Monday, April 09, 2007
A few weeks after 9/11 I got a call to interview for a job in DC. I had to fly to Dulles two days after the phone call; my ticket was FedEx'd. My ticket had an 'S' after my name. Turns out this meant I was to be searched before every flight, and my bags picked over, because I had my ticket booked so close to when I was flying. The airline's computer did this to all tickets issued within 72 hours of flight with same-day turnarounds. The search included being patted down and bags searched (I had no checked luggage.) I've never had it quite so bad since, but suffice to say being Armenian doesn't exactly help me through airports.
I do a fair amount of international travel, too. US airports used to be much easier than European. Now they're only slightly better, and some of them are below better Euro airports. I am accustomed to being stopped in airports there for FWLA -- flying while looking Arabic -- and that doesn't happen here in the States. Here, when I get stopped, it's because some damn computer put an S next to my name.
Understanding that doesn't make it any more pleasant. And I can imagine in a less-guarded moment dashing off some florid letter to a constitutional law discussion list in order to vent. The letter now has entered public discourse and is being used as further indictment of the Patriot Act and the administration.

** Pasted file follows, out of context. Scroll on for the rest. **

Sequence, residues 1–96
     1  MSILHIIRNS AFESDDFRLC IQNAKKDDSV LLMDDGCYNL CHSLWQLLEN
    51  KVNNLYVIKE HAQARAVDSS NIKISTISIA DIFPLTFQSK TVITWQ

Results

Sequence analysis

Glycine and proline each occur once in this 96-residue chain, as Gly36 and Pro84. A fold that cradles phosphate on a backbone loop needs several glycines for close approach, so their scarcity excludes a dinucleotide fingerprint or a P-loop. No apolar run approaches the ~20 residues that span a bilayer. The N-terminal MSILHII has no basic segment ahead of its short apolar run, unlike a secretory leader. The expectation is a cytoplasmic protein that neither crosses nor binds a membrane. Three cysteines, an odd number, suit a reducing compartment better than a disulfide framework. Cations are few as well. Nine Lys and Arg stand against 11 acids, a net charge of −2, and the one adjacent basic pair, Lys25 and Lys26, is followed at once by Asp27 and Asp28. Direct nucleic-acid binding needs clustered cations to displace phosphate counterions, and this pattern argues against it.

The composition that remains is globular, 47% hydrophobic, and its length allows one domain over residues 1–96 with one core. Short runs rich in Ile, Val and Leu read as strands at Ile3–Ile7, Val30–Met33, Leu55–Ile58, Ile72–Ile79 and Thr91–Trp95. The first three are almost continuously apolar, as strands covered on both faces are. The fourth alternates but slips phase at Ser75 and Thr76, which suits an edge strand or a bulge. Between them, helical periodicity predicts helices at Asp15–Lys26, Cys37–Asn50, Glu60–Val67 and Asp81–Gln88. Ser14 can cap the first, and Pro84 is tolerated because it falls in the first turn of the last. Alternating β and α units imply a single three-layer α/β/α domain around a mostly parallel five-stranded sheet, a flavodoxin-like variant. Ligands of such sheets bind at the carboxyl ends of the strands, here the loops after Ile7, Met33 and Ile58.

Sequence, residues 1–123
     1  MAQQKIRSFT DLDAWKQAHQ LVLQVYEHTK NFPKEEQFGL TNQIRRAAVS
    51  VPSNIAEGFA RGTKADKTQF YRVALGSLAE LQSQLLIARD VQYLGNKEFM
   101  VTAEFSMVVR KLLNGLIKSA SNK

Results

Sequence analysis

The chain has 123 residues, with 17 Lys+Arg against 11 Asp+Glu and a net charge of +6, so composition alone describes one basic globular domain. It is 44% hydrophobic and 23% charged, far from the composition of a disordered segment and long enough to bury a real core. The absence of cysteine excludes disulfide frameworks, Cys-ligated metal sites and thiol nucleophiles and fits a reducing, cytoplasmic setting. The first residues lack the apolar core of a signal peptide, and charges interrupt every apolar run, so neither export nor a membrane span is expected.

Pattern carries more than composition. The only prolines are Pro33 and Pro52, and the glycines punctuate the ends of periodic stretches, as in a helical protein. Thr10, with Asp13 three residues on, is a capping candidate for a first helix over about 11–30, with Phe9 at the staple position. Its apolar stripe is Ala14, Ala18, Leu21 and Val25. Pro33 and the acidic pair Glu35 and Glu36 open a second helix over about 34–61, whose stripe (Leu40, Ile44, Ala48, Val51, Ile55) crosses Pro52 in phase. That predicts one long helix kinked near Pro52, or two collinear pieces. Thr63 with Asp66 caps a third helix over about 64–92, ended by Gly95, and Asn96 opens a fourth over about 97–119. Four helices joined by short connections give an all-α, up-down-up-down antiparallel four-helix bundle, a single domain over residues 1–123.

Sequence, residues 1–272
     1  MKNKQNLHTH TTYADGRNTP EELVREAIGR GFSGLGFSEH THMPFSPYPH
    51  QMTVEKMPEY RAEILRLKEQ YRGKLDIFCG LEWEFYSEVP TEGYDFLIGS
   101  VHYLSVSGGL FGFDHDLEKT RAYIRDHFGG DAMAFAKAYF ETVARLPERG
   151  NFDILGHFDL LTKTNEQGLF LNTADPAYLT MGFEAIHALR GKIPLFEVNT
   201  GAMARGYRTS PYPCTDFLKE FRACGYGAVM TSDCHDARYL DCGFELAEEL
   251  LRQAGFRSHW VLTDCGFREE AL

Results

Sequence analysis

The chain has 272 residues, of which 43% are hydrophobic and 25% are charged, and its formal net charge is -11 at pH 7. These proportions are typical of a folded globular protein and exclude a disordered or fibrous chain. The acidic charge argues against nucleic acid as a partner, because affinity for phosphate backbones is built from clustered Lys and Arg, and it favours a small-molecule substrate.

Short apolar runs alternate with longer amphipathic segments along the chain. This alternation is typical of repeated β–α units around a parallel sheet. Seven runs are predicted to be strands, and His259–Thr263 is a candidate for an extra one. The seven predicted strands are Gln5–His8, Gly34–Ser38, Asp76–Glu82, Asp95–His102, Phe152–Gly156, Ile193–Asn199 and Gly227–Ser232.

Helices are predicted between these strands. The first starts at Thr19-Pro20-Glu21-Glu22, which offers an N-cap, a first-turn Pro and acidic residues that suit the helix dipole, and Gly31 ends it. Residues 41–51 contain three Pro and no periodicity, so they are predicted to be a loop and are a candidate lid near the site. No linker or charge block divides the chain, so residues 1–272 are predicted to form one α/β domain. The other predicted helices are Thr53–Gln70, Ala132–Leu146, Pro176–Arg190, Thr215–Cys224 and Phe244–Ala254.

But what do we really know from this story? We really don't know why he was on the list. The clerk is not a government official; his or her statements are conjecture. Did his anti-Bush speech place him on the list? We have little data about that. The peace marches maybe, but it's again a leap that requires you to believe ill of the Administration first. As Johnny Carson always said, "buy the premise, buy the bit." Don't you think the list is created as much by software programmed with errors more than someone sitting in a dark basement under the White House saying, "oh, that guy"? All software is buggy and needs refinement; the software that put the S next to my name doesn't do that any more. Obviously here's another place that needs fixing, but we don't know from this telling what to fix.
A commenter on the discussion list wrote to me that the clerk's dataset was just as plausible as a computer error. But the clerk doesn't have data; the clerk at best is relating two anecdotes and conjecturing the causal link. It's certainly possible, but in the absence of data doesn't provide a test of the hypothesis.
UPDATE: Owen Kerr has similar thoughts.